Trad­ing Post

Tales and Trea­sures from the rich legacy of the Hud­son’s Bay Com­pany

Canada's History - - CONTENTS -

A Dene loom bow in­volves a dis­play of math­e­mat­i­cal vir­tu­os­ity.

The bow loom can be used to pro­duce a va­ri­ety of wo­ven ma­te­ri­als and is a technology that has been used by many cul­tures. This late- nine­teenth- cen­tury Dene loom from the North­west Ter­ri­to­ries shows a partly com­pleted band of wo­ven quill­work that uses nat­u­ral and dyed por­cu­pine quills. It in­cludes eigh­teen strand warps made from sinew plus an end piece and a spreader, or row-di­vider, made from birch­bark. Por­cu­pine quills are care­fully cleaned and dyed be­fore weav­ing. Nat­u­ral dyes from plants were used be­fore the in­tro­duc­tion of com­mer­cial ani­line dyes in the late-nine­teenth cen­tury. Once the quills are pre­pared they need to be flat­tened and moist­ened to make them pli­able for weav­ing — women would of­ten use their mouths to do the job! When the weav­ing is com­plete, the sharp ends of the quills are trimmed, and the fin­ished band is ready to be sewn on to ar­ti­cles of cloth­ing or other ac­ces­sories. Quill­work de­clined in the mid-nine­teenth cen­tury with in­creas­ing ac­cess to glass beads, but the artis­tic tra­di­tion con­tin­ues to­day. — Amelia Fay, cu­ra­tor of the HBC Col­lec­tion at the Man­i­toba Mu­seum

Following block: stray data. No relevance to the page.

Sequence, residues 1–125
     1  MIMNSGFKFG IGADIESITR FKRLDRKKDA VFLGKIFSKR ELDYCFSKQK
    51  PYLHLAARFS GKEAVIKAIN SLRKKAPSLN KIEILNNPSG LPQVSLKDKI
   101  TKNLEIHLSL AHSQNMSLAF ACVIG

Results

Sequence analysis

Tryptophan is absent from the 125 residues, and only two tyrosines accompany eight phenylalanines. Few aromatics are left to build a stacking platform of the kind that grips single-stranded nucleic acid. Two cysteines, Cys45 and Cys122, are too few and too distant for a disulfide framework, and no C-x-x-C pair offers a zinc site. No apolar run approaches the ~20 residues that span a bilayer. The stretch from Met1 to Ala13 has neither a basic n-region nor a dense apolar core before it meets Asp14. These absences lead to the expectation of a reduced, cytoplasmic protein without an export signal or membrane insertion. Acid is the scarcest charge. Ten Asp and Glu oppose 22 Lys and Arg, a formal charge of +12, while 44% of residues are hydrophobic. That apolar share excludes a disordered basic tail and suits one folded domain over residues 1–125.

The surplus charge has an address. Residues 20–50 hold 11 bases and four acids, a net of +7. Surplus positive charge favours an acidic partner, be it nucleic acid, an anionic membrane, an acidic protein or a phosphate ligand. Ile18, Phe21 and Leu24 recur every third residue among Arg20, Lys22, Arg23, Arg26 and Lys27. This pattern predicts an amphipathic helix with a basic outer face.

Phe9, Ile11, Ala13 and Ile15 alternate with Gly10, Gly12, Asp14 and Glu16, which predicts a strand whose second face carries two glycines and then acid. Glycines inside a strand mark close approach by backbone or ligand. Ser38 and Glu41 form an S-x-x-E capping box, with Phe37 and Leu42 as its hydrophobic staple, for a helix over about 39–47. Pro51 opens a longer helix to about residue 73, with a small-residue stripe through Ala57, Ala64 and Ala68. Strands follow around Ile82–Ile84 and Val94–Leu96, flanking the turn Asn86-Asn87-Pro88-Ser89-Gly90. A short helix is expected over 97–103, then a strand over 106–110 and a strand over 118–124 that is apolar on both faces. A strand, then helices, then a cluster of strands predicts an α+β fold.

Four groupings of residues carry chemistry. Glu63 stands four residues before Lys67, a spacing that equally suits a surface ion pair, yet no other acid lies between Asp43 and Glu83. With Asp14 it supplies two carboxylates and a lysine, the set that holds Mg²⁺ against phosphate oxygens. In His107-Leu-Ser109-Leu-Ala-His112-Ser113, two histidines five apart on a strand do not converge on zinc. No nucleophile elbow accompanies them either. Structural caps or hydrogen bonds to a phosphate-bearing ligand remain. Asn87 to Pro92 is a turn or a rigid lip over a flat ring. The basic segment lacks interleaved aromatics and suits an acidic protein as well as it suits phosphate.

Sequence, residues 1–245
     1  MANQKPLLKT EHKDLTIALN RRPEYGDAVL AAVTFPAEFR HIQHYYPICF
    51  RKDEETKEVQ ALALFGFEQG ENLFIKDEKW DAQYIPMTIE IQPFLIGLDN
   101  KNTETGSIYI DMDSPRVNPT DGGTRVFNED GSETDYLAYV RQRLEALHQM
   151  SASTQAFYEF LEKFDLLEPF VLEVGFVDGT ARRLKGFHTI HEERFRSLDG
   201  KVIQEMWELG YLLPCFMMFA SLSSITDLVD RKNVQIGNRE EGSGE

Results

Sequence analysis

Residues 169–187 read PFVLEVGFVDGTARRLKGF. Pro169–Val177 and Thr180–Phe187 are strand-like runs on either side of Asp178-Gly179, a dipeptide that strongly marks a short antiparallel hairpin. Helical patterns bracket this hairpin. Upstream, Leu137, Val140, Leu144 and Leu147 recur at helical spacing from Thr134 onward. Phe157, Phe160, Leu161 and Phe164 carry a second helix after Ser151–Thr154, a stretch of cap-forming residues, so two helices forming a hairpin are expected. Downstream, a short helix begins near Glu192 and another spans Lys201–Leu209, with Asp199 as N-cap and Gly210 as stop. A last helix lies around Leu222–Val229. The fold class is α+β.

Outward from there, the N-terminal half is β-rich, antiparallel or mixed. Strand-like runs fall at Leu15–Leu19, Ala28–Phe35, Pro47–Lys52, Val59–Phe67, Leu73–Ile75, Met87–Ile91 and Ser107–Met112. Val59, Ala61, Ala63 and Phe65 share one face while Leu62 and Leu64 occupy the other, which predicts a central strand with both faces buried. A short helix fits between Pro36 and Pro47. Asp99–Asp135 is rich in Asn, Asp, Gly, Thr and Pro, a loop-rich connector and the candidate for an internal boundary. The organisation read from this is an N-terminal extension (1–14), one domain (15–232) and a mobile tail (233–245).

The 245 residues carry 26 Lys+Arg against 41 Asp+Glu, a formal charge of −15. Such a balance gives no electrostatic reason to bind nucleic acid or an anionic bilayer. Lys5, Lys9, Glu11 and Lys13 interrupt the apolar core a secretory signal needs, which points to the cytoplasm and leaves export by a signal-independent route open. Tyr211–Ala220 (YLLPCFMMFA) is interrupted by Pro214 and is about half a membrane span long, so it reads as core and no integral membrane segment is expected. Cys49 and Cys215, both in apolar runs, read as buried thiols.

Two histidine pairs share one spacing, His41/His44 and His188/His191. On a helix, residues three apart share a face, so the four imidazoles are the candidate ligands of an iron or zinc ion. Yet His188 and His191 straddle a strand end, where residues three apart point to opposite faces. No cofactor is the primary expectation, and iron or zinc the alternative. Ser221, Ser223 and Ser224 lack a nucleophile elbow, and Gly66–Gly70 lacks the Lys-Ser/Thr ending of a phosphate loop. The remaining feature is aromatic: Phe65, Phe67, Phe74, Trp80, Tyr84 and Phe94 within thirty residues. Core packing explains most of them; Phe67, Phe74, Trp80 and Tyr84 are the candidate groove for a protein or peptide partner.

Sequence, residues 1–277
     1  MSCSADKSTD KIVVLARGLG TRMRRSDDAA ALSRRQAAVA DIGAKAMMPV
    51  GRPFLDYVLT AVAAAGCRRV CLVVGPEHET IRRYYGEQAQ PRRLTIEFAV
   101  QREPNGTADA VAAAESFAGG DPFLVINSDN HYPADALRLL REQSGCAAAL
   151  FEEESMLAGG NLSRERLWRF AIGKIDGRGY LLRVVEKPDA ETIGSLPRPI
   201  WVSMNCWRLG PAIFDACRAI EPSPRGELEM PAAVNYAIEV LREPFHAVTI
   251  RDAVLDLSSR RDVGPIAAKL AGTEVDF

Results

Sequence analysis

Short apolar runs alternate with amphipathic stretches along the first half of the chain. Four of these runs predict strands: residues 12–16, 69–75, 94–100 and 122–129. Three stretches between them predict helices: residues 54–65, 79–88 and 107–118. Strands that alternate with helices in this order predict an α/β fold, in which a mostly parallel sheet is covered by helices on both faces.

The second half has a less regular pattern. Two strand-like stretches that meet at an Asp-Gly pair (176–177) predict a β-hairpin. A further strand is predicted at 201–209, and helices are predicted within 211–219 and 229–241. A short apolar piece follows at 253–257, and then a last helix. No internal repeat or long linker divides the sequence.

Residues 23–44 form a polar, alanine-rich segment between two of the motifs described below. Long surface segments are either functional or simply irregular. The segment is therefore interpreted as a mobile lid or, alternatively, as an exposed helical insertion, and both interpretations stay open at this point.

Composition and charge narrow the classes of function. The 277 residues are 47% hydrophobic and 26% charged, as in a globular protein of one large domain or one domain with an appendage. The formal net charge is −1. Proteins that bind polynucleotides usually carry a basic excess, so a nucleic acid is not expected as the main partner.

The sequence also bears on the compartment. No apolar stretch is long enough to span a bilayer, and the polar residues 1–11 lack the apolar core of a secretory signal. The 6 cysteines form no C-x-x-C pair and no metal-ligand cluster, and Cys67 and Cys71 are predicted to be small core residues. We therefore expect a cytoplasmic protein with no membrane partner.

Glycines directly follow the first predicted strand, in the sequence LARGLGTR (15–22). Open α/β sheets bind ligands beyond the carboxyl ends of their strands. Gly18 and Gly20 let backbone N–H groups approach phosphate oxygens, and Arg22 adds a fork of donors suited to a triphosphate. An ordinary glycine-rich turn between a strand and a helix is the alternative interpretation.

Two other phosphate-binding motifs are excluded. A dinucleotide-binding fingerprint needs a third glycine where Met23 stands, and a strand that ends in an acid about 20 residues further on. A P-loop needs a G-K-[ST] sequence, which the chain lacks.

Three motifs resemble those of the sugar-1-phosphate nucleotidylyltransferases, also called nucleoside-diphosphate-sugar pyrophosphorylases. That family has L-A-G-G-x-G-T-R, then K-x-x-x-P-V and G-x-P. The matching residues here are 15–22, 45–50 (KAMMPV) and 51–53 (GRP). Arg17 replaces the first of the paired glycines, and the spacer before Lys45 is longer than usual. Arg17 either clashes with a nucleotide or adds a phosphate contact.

The artist made care­ful use of math­e­mat­ics in cre­at­ing the geo­met­ric de­sign. It ap­pears that she counted in threes, weav­ing each quill around the sinew wefts (the trans­verse thread) to pro­duce her pat­tern.

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